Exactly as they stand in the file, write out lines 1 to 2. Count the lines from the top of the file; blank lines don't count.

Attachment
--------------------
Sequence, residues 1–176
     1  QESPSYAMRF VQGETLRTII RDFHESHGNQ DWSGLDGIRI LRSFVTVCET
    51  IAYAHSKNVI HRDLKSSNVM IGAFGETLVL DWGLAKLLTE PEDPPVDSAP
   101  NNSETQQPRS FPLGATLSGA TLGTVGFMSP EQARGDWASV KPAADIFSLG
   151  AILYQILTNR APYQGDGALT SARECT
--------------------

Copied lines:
Sequence, residues 1–176
     1  QESPSYAMRF VQGETLRTII RDFHESHGNQ DWSGLDGIRI LRSFVTVCET